The Vancouver Police Department is launching a program for city residents and business owners to register information about their surveillance systems in an effort to hasten criminal investigations.
The police department announced the launch of its Community Camera Registration Program in a Tuesday news release.
“Through this registration program, officers conducting investigations can quickly identify cameras that may have captured criminal activity for the cases they are working,” the police department said.
People who choose to participate in the program would share details such as their location and the capabilities of their privately owned camera systems. They would be contacted by officers about video only if there was a crime near a camera registered with the program.
The registration form for the program asks for several details, including when the system records, how long recordings are stored and what a camera’s field of view covers.
“Video footage is extremely helpful in locating information about vehicles, people, timelines etc., when we are investigating crimes. The process, however, is slow as the officer has to drive or walk around an area looking for possible cameras and then attempt to contact the owner,” department spokeswoman Kim Kapp said in an email.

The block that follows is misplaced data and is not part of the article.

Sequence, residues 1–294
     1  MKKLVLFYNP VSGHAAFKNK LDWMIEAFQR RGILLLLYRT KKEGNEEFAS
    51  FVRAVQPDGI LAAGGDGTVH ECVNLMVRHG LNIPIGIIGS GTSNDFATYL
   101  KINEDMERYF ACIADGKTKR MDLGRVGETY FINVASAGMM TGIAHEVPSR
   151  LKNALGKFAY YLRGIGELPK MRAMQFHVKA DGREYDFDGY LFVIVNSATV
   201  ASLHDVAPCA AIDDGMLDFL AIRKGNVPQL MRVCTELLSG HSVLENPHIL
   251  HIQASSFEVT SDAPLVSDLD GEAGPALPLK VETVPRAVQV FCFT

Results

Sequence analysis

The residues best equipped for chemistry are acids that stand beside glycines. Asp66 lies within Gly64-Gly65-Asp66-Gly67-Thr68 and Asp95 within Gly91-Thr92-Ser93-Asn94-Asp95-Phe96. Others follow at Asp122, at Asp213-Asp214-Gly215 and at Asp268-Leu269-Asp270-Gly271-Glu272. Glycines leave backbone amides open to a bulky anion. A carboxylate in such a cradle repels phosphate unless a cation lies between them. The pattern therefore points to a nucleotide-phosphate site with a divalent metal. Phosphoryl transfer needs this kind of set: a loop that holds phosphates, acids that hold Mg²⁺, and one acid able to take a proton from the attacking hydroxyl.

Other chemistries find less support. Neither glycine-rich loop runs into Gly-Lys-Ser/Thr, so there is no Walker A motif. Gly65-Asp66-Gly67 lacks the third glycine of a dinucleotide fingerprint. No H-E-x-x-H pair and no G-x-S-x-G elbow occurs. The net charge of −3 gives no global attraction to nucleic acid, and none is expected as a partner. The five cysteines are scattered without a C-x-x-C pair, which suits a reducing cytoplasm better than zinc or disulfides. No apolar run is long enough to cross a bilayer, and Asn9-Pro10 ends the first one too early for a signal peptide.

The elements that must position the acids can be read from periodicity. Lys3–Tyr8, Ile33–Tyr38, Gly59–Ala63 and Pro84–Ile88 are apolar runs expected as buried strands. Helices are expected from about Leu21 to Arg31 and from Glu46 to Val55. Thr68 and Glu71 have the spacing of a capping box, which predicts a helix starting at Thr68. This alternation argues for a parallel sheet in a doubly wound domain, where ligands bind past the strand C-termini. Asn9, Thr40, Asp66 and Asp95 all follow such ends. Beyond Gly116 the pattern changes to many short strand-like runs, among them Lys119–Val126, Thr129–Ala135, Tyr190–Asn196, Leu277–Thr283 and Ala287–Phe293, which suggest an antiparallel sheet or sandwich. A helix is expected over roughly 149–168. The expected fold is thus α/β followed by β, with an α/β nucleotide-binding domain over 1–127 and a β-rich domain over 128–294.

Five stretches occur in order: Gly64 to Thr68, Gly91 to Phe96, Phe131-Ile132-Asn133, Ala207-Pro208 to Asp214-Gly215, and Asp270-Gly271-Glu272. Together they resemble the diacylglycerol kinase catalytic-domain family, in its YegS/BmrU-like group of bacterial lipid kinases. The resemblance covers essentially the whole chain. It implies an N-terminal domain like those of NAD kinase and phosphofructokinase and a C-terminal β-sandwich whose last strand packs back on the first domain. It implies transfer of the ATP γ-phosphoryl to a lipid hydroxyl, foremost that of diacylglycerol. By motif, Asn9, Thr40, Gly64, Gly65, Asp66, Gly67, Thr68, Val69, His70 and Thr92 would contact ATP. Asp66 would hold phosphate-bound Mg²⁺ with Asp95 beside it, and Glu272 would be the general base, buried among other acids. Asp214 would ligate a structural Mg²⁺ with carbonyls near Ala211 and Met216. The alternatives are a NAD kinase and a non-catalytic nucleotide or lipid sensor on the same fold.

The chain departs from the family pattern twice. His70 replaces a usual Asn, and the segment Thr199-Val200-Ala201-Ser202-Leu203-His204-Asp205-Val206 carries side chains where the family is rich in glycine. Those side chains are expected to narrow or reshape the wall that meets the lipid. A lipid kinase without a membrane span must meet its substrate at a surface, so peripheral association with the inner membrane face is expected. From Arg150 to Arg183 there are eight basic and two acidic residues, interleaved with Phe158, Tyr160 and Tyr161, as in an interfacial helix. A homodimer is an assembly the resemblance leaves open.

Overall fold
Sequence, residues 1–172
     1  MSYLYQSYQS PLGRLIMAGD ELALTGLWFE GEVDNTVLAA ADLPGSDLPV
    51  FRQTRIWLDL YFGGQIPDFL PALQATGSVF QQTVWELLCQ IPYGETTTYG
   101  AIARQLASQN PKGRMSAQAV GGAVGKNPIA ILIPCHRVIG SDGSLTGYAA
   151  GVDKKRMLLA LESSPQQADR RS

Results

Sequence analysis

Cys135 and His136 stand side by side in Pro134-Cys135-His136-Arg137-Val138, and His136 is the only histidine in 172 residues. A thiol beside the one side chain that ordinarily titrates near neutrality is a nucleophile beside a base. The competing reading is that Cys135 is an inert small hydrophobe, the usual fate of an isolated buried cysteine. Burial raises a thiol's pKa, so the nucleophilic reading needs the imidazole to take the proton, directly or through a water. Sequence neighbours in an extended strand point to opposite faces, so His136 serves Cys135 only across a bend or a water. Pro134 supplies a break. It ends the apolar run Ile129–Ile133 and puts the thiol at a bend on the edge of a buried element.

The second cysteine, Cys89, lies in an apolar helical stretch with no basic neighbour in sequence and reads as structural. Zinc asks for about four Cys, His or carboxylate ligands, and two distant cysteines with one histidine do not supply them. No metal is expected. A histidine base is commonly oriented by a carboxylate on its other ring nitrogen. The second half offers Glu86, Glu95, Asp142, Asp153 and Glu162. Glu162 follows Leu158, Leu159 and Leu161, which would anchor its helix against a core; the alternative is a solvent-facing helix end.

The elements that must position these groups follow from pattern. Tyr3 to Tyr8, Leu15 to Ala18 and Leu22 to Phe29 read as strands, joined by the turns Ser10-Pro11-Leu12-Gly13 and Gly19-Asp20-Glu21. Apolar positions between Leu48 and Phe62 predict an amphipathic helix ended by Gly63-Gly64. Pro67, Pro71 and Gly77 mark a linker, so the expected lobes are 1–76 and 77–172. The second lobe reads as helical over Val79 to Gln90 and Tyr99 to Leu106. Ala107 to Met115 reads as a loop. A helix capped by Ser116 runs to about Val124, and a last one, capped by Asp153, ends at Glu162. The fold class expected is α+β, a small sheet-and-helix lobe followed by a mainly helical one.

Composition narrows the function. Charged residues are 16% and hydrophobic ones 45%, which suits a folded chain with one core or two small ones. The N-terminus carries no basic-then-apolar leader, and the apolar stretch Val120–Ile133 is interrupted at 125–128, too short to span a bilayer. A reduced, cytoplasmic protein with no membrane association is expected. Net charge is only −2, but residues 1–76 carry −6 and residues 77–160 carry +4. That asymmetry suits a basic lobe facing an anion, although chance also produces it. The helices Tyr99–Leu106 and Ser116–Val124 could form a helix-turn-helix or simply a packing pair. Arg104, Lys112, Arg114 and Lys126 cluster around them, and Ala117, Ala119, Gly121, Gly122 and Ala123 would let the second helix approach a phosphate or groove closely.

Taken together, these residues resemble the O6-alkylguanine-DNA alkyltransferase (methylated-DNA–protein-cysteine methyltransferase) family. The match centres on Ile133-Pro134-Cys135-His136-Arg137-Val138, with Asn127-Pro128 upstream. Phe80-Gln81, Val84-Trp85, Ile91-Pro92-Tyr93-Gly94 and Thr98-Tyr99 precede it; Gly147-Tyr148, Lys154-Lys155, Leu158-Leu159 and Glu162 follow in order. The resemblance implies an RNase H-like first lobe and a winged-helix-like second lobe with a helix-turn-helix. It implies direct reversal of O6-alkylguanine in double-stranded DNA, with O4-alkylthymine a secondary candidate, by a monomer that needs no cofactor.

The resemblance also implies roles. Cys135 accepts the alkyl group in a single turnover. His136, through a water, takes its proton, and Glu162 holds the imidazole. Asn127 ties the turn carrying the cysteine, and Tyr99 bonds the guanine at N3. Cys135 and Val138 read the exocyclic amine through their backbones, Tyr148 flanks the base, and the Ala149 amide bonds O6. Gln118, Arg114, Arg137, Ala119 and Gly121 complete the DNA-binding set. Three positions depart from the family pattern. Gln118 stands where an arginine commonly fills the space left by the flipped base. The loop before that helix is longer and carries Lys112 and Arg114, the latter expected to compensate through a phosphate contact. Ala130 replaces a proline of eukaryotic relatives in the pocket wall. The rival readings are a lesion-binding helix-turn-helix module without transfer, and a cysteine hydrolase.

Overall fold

“We don’t have any data on how many crimes are solved using video,” Kapp added. “But needless to say, it could be a very important component of a case, and the registration program would save valuable time by being able to know if a camera exists and having the contact information for the owner.”
The police department noted that it was not aiming to gain access to video directly. As in the past, officers would reach out and ask to view footage.
Kapp said the police department based its launch on other communities nationally that have had success.
“The goal of this program is to empower residents by taking a community wide approach to policing. We are excited to take our community partnership efforts to the next level with the (program),” Vancouver Police Chief James McElvain said in a prepared statement.
On the webpage for the program, the police department says residents and business owners are often unaware their cameras may have captured information that could help police.
Comments under a Vancouver police Facebook post showed a mixed reaction to the program’s launch. Some commenters wrote that they thought the program was smart and were willing to pitch in, while others expressed skepticism over how the information would be used.
Shanna Tuttolomondo wrote that the program concerned her because her cameras are installed to protect her personal property. She paid for the system, she said, and argued that going through hours of video at the behest of detectives seemed like a hassle.